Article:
Updated: 8 p.m. ET.
The full Ninth Circuit U.S. Court of Appeals refused Tuesday (June 5) to review a panel’s decision that Proposition 8 is unconstitutional.
With last week’s First Circuit decision striking a core section of the Defense of Marriage Act (DOMA) also heading to the nation’s highest court, it is now likely the Supreme Court will have two major same-sex marriage cases on their docket in October.
The Ninth Circuit case, if accepted, would ask whether states can ban same-sex couples from obtaining a marriage license; the First Circuit case, if accepted, would ask whether the federal government can refuse to recognize marriages licensed by states to same-sex couples.
The three-paragraph order stated that the request for a full court review “failed to receive a majority of the votes” of active judges. It also noted that the mandate would be stayed for 90 days to enable proponents of Proposition 8 to file an appeal to the U.S. Supreme Court.
Accompanying the order was a dissent from three circuit court judges. It said the refusal for appeal “has silenced” a “respectful conversation” about the same-sex marriage issue. It called the 2 to 1 panel decision striking Proposition 8 a “gross misapplication” of the U.S. Supreme Court’s decision in Romer v. Evans. In that case, the Supreme Court said states could not pass laws that excluded gays from protection just because gays are an unpopular group.
The panel decision, said the dissenters, “have now declared that animus must have been the only conceivable motivation for a sovereign state to have remained committed to a definition of marriage that has existed for millennia.”
Proponents of Proposition 8 filed the Ninth Circuit full court appeal, asking it to overturn a decision by a three-judge panel of the circuit last February. That panel decision found that California’s ban on same-sex marriage violates the federal constitution by stripping from same-sex couples a right they had (to marry) prior to passage of Proposition 8. In order for a limited en banc (full) panel of the court to have heard the appeal (11 judges), at least 14 of the circuit’s 26 active judges would have had to say another review is warranted.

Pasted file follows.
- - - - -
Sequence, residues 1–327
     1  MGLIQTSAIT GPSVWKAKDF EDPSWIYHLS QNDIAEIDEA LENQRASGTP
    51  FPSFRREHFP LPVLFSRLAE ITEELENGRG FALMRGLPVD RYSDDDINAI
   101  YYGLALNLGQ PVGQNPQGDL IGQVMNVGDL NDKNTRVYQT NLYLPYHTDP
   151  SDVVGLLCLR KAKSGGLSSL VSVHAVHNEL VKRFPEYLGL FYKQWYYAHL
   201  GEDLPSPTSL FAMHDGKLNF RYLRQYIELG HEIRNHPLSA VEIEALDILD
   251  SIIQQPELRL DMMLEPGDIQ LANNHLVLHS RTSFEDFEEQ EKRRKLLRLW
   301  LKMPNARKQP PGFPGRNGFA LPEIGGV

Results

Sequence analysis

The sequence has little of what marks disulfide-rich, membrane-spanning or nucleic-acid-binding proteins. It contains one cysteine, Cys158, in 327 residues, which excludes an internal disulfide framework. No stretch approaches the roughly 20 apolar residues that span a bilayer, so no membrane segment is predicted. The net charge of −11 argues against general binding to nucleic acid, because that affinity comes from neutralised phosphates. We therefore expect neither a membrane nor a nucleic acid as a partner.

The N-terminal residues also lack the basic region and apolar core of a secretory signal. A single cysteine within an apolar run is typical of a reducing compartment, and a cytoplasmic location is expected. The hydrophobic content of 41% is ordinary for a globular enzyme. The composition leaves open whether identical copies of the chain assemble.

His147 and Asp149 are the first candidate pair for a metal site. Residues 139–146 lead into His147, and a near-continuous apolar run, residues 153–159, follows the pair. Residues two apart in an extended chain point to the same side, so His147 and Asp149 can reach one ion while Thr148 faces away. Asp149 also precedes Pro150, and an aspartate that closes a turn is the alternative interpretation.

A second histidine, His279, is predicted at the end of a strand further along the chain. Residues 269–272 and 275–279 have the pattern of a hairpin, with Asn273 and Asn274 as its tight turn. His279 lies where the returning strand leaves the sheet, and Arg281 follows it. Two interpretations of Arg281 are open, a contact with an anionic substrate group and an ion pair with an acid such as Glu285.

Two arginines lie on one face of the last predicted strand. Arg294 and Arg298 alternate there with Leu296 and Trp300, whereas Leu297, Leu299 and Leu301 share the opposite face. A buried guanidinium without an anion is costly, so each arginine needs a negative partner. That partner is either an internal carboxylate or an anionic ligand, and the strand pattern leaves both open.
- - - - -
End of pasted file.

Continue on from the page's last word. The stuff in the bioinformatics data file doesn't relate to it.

The case is Perry v. Brown, led by famed conservative attorney Ted Olson and preeminent liberal attorney David Boies and organized and funded by the American Foundation for Equal Rights.
In that case, two same-sex couples sued after being denied marriage licenses once the voter-approved constitutional ban on same-sex marriage went into effect.
U.S. District Court Judge Vaughn Walker ruled, in August 2010, that banning same-sex couples from obtaining marriage licenses violates the federal constitution’s guarantees of equal protection and due process. He agreed to delay enforcement of the decision, pending an appeal by Yes on 8 attorneys to the Ninth Circuit.
In February 2012, a three-judge panel of the Ninth Circuit, in a 2 to 1 vote, upheld Walker’s decision. But in doing so, the panel explained that Proposition 8 improperly removed from a group of citizens (gays) a right they already enjoyed (marriage).
The California Supreme Court had ruled, in May 2008, that the state constitution required that same-sex couples be able to obtain marriage licenses the same as straight couples. But in November of that year, voters approved Proposition 8, amending the state constitution to explicitly ban the recognition of same-sex marriage.
While attorneys and activists uniformly called the February 7 panel decision a major victory, the decision did stop short of saying that same-sex partners, like straight partners, have a “fundamental right to marry.” Instead, it said Proposition 8 deprived same-sex partners only of the “right to use the designation of ‘marriage.’”
If it had ruled same-sex couples had a fundamental right to marry, said Lambda Legal Defense’s legal director Jon Davidson, “the marriage laws of 44 states would have been cast into doubt….” And by rendering such a relatively narrow ruling, said Davidson and others, the panel reduced the likelihood the U.S. Supreme Court would take the case.
“The fundamental right to marry, as protected by the US Constitution,” said Williams Institute legal scholar Jenny Pizer, “has to have the same contours throughout the country. So a decision concluding that same-sex couples have the same fundamental right as different-sex couples would call into question all the marriage restrictions states currently impose.”